Vocal critics of quarterly reporting have included investor Warren Buffett and bank CEO Jamie Dimon. Their primary complaint is that instead of focusing on long-term growth (which is in the better interest of shareholders), strict adherence to quarterly results puts unnecessary pressure on short-term results. 

Pressure

Analysts and investors rely on quarterly reports, so companies may be pressured to manage their numbers to meet their expectations.

Costly

It costs time and money to create financial reports, especially when they are required four times per year. This limitation could also deter private companies from going public.

No context

While quarterly reporting provides the public with more data and transparency, 

it only offers an overview for a very limited period. Without additional context, investors may be discouraged to invest if they see undesirable results or less profitable quarters.

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How Many Quarters Are in a Year?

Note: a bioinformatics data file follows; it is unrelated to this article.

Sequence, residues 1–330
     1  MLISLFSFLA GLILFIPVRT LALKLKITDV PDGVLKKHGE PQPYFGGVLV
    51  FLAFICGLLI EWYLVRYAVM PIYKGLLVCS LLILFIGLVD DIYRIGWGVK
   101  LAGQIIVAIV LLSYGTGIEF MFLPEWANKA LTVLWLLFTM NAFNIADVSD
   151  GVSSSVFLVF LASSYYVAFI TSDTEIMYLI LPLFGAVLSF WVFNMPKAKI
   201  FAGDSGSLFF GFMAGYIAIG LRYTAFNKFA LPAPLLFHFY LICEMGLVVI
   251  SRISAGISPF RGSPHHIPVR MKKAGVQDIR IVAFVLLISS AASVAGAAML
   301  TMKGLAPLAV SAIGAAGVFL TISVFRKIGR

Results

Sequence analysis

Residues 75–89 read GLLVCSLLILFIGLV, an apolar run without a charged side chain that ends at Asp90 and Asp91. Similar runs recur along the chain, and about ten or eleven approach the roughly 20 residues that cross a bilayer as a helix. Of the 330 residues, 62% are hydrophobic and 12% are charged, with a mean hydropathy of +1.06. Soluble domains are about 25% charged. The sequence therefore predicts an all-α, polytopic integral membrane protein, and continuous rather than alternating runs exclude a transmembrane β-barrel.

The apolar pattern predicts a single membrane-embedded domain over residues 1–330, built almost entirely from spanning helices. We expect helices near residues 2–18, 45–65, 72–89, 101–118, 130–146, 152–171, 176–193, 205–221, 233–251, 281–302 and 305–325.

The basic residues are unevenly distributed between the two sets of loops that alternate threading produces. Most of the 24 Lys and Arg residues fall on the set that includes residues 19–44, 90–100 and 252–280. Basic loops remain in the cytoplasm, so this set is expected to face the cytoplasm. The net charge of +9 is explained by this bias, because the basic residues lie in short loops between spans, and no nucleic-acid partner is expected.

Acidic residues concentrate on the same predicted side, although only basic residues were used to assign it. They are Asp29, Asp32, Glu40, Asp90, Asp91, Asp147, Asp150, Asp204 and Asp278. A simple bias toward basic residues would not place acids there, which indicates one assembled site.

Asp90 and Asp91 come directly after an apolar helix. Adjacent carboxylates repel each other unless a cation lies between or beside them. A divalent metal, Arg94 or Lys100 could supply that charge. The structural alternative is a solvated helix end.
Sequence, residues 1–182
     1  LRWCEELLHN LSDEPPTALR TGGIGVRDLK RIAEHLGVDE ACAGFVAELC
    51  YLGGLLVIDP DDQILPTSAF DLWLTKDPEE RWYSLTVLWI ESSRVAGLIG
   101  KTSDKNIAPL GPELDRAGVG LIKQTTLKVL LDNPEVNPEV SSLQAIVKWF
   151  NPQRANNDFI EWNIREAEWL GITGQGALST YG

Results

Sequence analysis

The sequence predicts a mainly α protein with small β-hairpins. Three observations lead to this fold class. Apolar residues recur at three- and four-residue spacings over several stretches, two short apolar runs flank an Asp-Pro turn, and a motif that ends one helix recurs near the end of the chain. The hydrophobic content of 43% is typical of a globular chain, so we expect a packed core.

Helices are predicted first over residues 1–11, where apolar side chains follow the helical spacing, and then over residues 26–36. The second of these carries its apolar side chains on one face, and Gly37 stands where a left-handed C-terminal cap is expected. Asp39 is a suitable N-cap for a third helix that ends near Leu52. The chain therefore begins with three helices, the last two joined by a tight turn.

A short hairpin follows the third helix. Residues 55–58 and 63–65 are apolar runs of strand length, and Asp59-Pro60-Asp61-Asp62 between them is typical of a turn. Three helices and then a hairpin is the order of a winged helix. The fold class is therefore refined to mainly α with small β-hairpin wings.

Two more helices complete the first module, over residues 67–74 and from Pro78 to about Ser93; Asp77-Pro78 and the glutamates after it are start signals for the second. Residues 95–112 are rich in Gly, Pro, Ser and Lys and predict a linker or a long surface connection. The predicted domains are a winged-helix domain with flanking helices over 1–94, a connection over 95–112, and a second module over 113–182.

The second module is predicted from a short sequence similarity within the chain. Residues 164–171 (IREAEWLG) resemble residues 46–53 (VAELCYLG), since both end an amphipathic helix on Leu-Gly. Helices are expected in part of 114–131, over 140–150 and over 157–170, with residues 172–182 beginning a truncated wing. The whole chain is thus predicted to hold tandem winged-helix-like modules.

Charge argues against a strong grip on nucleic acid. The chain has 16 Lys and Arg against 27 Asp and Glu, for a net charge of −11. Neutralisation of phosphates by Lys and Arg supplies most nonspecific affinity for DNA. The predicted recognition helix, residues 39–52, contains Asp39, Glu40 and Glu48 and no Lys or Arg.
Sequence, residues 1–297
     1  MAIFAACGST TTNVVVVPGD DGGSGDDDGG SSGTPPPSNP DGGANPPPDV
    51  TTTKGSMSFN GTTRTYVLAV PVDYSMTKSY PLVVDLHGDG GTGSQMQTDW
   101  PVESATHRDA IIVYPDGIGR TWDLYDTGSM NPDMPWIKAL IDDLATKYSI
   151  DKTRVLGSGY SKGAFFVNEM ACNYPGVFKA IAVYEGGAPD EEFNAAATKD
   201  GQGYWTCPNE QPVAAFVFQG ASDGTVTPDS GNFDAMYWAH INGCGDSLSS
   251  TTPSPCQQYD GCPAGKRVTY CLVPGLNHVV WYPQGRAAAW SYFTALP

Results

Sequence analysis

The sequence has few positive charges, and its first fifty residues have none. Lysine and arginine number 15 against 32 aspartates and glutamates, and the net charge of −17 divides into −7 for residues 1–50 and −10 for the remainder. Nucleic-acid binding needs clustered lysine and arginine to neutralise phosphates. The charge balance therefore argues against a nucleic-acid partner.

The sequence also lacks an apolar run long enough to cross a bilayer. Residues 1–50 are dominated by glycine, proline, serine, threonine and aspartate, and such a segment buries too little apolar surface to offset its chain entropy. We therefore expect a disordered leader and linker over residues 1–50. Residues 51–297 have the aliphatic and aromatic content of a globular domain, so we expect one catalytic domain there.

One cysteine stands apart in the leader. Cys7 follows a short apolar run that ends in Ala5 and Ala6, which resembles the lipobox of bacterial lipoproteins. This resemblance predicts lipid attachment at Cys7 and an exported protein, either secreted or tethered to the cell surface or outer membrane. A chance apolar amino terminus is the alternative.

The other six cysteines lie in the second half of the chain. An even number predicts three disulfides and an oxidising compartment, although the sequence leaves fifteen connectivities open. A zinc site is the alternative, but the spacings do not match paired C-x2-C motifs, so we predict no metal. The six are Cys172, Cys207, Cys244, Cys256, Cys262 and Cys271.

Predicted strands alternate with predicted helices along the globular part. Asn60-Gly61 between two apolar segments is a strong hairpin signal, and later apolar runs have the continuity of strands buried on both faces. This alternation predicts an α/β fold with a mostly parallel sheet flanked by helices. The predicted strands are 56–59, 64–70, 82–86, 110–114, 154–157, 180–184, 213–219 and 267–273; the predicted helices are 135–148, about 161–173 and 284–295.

There are four quarters in a year, each three months in length.

What Is Q1 2020?

Q1 2020 began on January 1st, 2020 and ended on March 31st, 2020.

Are Quarterly Reports Audited?

Quarterly reports are not required by law to be audited, but audits can increase investor confidence as they promote transparency and security.

When Are Quarterly Reports Released?

Companies usually release their quarterly reports within a few weeks of the end of the previous quarter.

Key Terms Associated with Fiscal Quarters

Fiscal year

Financial statement

Financial analyst

Accounting

Market valuation

Revenue

Profit

Quarterly Dividends

Quarterly Reports